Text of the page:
Amazon plots major Australian expansion

Amazon is set to shake up Australia’s retail industry.
Amazon is set to shake up Australia’s retail industry.

Technology company Amazon has outlaid an ambitious agenda to expand in Australia over the next five to seven years, citing its long-term time horizons and its ability to re-engineer entire ­industries as a competitive advantage. 

At the group’s first Innovation Day in Sydney yesterday, the group’s senior global executives outlaid plans to bring more small- to-medium enterprises on to its platform and flagged that it would soon launch the premium Prime service.

The members-only program offers streaming video, music, e-books, free shipping and could shake up industries well beyond retailing where Amazon has made its initial, somewhat muted impact locally.

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In an evangelical style presentation, complete with rock music and slick videos to an audience numbering thousands of converts to the service, Amazon talked up the success of businesses that were already using Amazon tools, including home-grown successes Atlassian and Airtasker.

Amazon senior vice-president, international consumer, Russ Grandinetti told the crowd that Prime was coming to Australia “soon”.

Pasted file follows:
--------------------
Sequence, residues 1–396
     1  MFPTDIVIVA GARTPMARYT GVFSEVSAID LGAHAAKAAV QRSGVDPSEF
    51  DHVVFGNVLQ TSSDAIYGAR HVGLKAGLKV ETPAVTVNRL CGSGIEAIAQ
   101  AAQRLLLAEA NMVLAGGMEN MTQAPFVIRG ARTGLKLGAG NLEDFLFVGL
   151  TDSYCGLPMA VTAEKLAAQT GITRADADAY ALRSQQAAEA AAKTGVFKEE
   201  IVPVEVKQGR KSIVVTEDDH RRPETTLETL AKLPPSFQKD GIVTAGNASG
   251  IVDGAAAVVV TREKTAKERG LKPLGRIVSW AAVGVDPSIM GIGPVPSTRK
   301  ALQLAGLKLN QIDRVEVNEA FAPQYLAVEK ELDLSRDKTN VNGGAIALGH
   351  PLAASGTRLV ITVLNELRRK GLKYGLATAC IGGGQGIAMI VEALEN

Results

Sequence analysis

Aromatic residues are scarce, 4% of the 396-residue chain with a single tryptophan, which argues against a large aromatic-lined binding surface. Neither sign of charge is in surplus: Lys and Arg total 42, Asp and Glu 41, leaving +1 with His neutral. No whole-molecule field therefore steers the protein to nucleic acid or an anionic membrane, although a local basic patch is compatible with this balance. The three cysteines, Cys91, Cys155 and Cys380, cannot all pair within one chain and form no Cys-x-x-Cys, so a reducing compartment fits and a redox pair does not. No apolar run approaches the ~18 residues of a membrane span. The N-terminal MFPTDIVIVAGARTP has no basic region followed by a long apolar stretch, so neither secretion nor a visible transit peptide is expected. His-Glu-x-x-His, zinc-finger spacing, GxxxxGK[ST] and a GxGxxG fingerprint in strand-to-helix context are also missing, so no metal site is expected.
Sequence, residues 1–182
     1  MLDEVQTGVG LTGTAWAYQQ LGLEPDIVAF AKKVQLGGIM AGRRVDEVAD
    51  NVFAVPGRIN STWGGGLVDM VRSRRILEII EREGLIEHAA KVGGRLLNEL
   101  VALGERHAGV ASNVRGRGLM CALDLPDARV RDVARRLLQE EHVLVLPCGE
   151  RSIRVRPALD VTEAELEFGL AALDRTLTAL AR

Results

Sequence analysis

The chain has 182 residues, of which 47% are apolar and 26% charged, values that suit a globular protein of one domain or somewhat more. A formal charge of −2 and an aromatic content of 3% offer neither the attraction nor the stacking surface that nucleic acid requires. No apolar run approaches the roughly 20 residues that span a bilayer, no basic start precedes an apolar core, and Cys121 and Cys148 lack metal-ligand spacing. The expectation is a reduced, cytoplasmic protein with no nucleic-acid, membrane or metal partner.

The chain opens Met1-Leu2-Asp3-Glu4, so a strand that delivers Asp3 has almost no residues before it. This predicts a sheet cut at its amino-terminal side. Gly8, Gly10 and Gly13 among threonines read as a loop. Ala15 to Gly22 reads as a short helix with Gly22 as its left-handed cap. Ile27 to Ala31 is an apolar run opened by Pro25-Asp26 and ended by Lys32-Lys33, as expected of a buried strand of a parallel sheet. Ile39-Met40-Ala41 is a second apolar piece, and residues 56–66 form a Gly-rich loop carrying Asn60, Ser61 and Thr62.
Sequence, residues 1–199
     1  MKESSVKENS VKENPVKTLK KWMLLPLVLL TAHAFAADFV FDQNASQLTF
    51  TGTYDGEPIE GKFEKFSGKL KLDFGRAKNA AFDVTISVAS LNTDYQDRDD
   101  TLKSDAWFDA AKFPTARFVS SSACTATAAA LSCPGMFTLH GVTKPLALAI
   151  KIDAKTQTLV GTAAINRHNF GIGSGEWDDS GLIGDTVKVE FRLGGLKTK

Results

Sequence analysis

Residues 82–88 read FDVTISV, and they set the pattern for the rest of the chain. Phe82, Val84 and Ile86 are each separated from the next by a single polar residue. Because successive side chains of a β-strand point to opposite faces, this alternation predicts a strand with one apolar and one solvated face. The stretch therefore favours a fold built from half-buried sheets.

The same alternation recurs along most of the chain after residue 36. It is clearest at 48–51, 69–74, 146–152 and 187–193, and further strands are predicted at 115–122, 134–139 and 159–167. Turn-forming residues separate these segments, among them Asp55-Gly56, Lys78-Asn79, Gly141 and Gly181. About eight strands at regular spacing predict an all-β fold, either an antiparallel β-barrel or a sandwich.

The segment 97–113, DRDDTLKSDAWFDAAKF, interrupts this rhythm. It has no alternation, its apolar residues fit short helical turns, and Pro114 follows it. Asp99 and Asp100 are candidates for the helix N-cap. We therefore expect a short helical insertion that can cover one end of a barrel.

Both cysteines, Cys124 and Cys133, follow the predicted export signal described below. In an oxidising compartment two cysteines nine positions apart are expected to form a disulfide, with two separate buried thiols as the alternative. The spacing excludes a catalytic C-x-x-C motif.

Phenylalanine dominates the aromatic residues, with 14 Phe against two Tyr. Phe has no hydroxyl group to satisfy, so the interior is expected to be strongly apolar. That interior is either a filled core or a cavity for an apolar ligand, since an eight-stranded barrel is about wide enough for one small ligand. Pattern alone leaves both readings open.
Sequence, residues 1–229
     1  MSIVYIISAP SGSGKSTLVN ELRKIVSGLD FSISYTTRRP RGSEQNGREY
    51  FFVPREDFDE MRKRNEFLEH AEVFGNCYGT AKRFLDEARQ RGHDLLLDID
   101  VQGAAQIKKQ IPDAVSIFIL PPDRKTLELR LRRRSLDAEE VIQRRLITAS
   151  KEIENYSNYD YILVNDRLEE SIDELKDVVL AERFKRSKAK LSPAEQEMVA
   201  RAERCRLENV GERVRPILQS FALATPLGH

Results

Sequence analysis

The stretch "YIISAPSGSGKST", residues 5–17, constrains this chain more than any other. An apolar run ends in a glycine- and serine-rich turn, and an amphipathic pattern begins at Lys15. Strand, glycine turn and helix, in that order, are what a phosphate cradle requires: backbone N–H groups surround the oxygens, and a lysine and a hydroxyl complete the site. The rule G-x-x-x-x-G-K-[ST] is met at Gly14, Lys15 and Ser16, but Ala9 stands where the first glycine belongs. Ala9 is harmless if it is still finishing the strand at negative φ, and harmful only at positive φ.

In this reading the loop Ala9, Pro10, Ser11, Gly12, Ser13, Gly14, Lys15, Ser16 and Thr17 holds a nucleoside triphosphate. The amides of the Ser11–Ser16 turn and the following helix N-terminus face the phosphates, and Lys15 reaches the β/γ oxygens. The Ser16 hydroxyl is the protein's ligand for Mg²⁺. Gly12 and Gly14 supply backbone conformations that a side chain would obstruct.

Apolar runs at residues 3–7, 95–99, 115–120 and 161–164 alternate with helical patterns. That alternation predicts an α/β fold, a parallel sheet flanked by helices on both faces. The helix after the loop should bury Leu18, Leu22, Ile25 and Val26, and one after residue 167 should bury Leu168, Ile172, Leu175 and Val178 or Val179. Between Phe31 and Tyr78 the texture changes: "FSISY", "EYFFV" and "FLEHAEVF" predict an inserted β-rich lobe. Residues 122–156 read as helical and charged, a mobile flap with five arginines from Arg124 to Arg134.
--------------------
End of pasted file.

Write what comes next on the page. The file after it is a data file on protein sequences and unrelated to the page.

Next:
Amazon’s relatively slow rollout of fulfilment centres — aside from a complex it is renting in the outer Melbourne suburb of Dandenong — has prompted rival retailers to question how it will deliver goods as quickly as it does in the US.

“I consider it a competitive advantage that we’re willing to plan over five to seven-year time­frames,” Mr Grandinetti says.

The company also flagged the exponential growth of its voice-activated technology and pointed to more advanced applications that could allow more experiences that included virtual reality.

Grandinetti notes the speed at which the Amazon system is developing and, while it was difficult to be specific, says that customers want greater choice, faster delivery and lower pricing, which the company is delivering.

He points to plans to draw more suppliers into the company’s networks, saying that part of its job as a platform is to free up entrepreneurs to allow them to focus on what they do best.

Grandinetti says he hopes that one of the company’s most “enduring contributions” will be helping Australian groups build up their businesses.

More than 10,000 third-party vendors have already joined up to Amazon’s local marketplace service, which was launched late last year. The service has been predicted to hit 50,000 sellers by the end of the year.

While the company is yet to put a significant dent in sales by traditional retailers like Harvey Norman (whose chairman Gerry Harvey has dismissed the threat posed by Amazon), the overall group is pursuing a broader strategy that has seen its cloud-computing arm grow dramat­ically and seen it introduce robotics into its warehouses.

Amazon is still spending for the future with reports yesterday that it had poured $US22.6 billion ($29.26 billion) into research and development, ranking it first among US companies, and dwarfing the research budgets of Australian companies.

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